In this edition of Forces of Fame, we take to the skies with one of my very favourite aircraft of the Second World War – the sleek and powerful Messerschmitt Bf 110! (this assertion caused somewhat of an argument with the studio’s resident Mosquito fans -ed.). This twin-engine heavy fighter served throughout the war, albeit with rapidly decreasing effectiveness, and is an iconic image of the Battle of Britain period.

Entering service shortly before the war, the Bf 110 was designed to the Zerstörer (destroyer) concept as a high-speed fighter-bomber, capable of escorting large bomber formations and performing tactical ground attack missions, as well as reconnaissance and maritime patrol duties. After initial teething troubles with the powerplant, the 110 C model, with its Daimler-Benz 601 engines, proved to be an effective aircraft in the early part of the war, cutting a swathe through the ill-prepared and often outdated Dutch and French air forces. Although fast and packing a serious punch with its nose-mounted armament of machine guns and cannon, the 110 was hampered during the Battle of Britain by its utilisation as a close escort to bomber swarms. An excellent ‘boom-and-zoom’ fighter, using its speed to quickly close on enemy aircraft, deliver a poweful strike and escape, the 110 suffered when forced into a reactionary escort role, particularly against the more manoeuvrable single-engine Spitfires and Hurricanes. On August 15th, 1940, almost 30 Bf 110s were lost in a single day, and this attrition eventually led to the type’s withdrawal from that theatre. Of the 237 serviceable 110s the Luftwaffe had begun the Battle of Britain with, a staggering 223 were lost to all causes.

Following the Battle of Britain, the Bf 110 served in Yugoslavia, the Middle East, North Africa, and several other theatres, performing capably in the ground attack role, and (when encountering inferior opposition) as a daylight fighter. Comparatively few were committed to the Eastern Front but proved very useful early on as strike fighters in the face of a weaker Soviet air force. As the campaign progressed, as in the skies over southern England, Russian pilots in increasingly advanced machines began to take a heavier toll on the 110 units, and by 1943 most had been withdrawn to Germany for the defence of the Reich where the type performed admirably as a bomber-hunter thanks to its speed and heavy forward armament.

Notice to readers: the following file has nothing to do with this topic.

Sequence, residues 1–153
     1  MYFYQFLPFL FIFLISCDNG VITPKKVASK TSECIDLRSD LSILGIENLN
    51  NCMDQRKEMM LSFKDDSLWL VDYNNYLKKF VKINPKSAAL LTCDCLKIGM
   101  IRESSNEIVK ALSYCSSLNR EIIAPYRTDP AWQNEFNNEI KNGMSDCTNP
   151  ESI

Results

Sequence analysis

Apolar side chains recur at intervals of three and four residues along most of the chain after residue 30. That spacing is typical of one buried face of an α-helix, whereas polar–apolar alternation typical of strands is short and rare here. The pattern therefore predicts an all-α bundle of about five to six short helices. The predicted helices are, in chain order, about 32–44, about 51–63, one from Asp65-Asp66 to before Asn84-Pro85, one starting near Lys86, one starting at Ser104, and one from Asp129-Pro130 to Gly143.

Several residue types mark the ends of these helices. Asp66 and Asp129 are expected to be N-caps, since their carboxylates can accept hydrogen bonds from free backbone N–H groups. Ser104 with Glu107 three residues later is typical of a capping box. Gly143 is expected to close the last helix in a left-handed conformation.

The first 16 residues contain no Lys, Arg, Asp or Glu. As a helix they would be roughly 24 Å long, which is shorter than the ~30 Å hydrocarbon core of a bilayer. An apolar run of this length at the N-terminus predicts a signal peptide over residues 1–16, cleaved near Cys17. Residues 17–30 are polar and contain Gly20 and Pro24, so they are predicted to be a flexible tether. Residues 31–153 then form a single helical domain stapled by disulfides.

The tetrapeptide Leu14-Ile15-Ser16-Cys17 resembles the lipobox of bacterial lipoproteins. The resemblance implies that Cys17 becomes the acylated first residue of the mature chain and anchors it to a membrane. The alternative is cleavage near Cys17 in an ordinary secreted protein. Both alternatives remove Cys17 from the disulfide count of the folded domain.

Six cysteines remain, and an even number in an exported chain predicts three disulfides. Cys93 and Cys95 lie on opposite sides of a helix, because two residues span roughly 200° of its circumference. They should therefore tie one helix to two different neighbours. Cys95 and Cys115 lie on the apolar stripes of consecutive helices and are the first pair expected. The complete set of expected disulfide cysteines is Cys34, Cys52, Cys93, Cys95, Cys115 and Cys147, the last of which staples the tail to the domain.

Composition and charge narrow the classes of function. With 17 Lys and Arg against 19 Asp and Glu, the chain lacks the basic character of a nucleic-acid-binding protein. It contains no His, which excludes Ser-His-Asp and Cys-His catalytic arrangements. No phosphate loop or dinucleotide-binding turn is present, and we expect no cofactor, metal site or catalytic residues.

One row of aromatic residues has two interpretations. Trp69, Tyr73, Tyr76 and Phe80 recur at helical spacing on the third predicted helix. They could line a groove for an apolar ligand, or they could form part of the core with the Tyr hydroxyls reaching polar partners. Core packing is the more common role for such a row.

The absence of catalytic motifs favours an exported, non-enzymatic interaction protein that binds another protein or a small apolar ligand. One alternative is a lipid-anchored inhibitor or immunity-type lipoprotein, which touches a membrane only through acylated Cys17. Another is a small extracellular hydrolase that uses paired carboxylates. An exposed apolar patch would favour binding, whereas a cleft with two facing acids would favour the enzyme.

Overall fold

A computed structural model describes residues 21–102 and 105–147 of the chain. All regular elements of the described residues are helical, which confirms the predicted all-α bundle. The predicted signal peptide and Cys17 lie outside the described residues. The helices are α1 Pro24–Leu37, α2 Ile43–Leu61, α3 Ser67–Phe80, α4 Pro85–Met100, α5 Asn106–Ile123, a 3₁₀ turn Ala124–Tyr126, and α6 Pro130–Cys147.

Initially used against the USAAF daylight raids until the introduction of longer-ranged escort fighters such as the P-51 Mustang, the 110 really came into its own with the introduction of the G-series as a night fighter, exacting a heavy toll on RAF Bomber Command in defence of German cities. Progressively upgraded and improved upon, these aircraft would eventually feature the Lichtenstein air-to-air radar system and the fearsome Schräge Musik upward-firing cannon. Virtually all of the Luftwaffe’s feared night fighter aces flew the 110 G at some point in their careers, and the aircraft soldiered on in this role until the end of the war.

The crisply detailed plastic aircraft found in the boxed set give you two different options for fielding your own Zerstörer squadron – take on RAF Fighter Command with the early-war C model, or scour the skies above the Reich with the Bf 110 G!

The 110 C brings excellent speed and a powerful armament to the table, with the Great Dive and Agile traits making it an ideal ‘boom-and-zoomer’ which can get in and out of an engagement quickly. The Heavy Hitter trait provided by the fearsome nose armament allows it to make the most of the short windows of opportunity to attack you’ll find in games of Blood Red Skies, while the rear gunner can keep your tail covered as you climb away!

If you need a city or factory defended, look no further than the G series! Boasting even more speed and firepower (although at the cost of some manoeuvrability), the Bf 110 G has the punch to take down even the heaviest bombers, and the speed to try and stay ahead of any pesky escorts! Can you recreate the impressive tallies of the top night fighter aces?

Pick up a squadron today, and if you’re in need of some top-quality leadership then look no further than Wolfgang ‘Bombo’ Schenk!


Other articles in the Forces of Fame Series:

Bolt Action – The Tiger I

Victory at Sea – The Bismarck

Pike & Shotte – Cuirassiers

1 comment
  1. Ice article – thanks. The Me110 has been my favourite WW2 plane since I bought the ‘Dogfight Doubles’ kit with the Spitfire when I was a nipper!

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